Substantial Fines levied against River Valley Park Inc.

The office for River Valley Park is essentially abandoned at this point. Sept. 6, 2018.

The former owner of River Valley Park Inc. had a very bad day on August 24th, 2018.  After being found guilty under the Environmental Protection Act, (Ministry of the Environment, Conservation and Parks)  as well as the Ontario Resources Water Act, Mr. Harjeet Singh Dusanjh was ordered to pay fines totally $71,250.00. The provincial court in Sault Ste. Marie was where the case was heard.

The Environmental Protection Act is the primary pollution control legislation in Ontario and can be used interchangeably with the Water Resources Act. The legislation prohibits discharge of any contaminants in to the environment that cause or are likely to cause adverse effects. Amounts of approved contaminants must not exceed limits prescribed by the regulations. The Act also requires that spills of pollutants are reported and cleaned up promptly. The Environmental Protection Act also has the authority to establish liability on the party at fault. One section of the Act imposes a duty on corporate officers and directors to take all reasonable care to prevent the corporation from causing or permitting unlawful discharges of contaminants into the natural environment.

Mr. H. Dusanjh received a total fine of $65,000 for violations of the Environmental Protection Act, with dates of offences listed as occurring between December 21, 2015 and February 17, 2017.

The breakdown of fines is thusly – River Valley Park Inc. was found guilty of one violation under the Environmental Protection Act, was fined $60,000 plus a Victim Fine Surcharge of $15,000. On the same date River Valley Park Inc., was also found guilty of two violations under the Ontario Water Resources Act, was fined $5,000 plus a Victim Fine Surcharge of $1,250.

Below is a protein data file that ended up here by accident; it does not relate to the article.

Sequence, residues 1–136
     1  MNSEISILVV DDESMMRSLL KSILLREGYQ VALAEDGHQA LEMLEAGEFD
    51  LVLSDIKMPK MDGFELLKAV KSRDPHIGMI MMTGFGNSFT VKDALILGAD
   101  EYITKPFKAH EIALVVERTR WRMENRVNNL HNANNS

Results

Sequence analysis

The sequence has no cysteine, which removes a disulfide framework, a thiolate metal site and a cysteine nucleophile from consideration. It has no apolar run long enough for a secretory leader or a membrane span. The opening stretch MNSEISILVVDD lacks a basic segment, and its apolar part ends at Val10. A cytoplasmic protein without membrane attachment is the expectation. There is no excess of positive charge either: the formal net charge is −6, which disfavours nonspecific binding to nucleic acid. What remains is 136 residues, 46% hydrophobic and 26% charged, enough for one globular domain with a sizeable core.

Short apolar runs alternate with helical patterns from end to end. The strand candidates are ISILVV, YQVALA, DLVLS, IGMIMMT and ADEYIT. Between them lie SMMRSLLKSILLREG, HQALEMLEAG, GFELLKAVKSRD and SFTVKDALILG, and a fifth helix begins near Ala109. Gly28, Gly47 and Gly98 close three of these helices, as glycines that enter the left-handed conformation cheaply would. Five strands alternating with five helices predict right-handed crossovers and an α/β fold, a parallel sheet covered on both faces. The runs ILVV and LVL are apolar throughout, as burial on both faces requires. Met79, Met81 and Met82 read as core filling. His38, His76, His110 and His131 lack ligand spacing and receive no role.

The Ontario Resources Water Act violations and subsequent conviction for River Valley Park Inc., Harjeet Singh Dusanjh, relate to failing to notify the Ministry (Environment, Conservation and Parks)  of sewage spills from a failing septic system, and for failing to comply with  ministry orders to develop written procedures for operation of the domestic sewage system, failing to provide copies of a service agreement with an approved Waste Management System – Hauled Sewage, failing to provide compliance updates to the provincial officer, and failure to submit a completed environmental compliance approval application.

The violations occurred between December 21, 2015 and February 17, 2017

“The incident was referred to the ministry’s Investigations and Enforcement Branch resulting in charges being laid and convictions in court.” said Lindsay Davidson, Ministry of the Environment, Conservation and Parks in an email to Superior Media.

The Ontario Water Resources Act focuses on both groundwater and surface water throughout the province. The Water Resources Act regulates sewage disposal and “sewage works” and prohibits the discharge of polluting materials that may impair water quality. Permits to take more than 50,000 liters of water per day from ground or surface water sources are also regulated under the Water Resources Act. The Water Resources Act regulates well construction, operation and abandonment in addition to the approval, construction and operation of “water works”.

River Valley Park Inc. was given one year to pay all fine amounts, with the option to apply for an extension of time to pay. In addition, Mr. Harjeet Singh Dusanjh was convicted of two violations under the Ontario Resources Water Act, and received a suspended sentence on both counts.

Background on the whole mess.

  • River Valley Park Inc. owns/operates a residential mobile home park located in the District of Algoma.
  • At the time of the offences, Mr. Harjeet Singh Dusanjh was a director, and the president of the company.
  • The site is serviced by a sewage system that is linked to a subsurface sewage treatment system.
  • In August 2014, a pro-active sewage system inspection was conducted at the site, Ministry orders were issued to the company in September 2014 and October 2015 requiring that actions be taken to address sewage problems at the site. The company did not comply with those orders
  • In July and December 2015, and again in March 2016, complaints were received by the ministry that the sewage system was overflowing to the ground surface.
  • In December 2015, the ministry issued two additional orders requiring that specific measures to be taken to address the sewage problems at the site and to submit a completed environmental approval application. The owner did not comply with these orders and the discharge of sewage to ground surface persisted.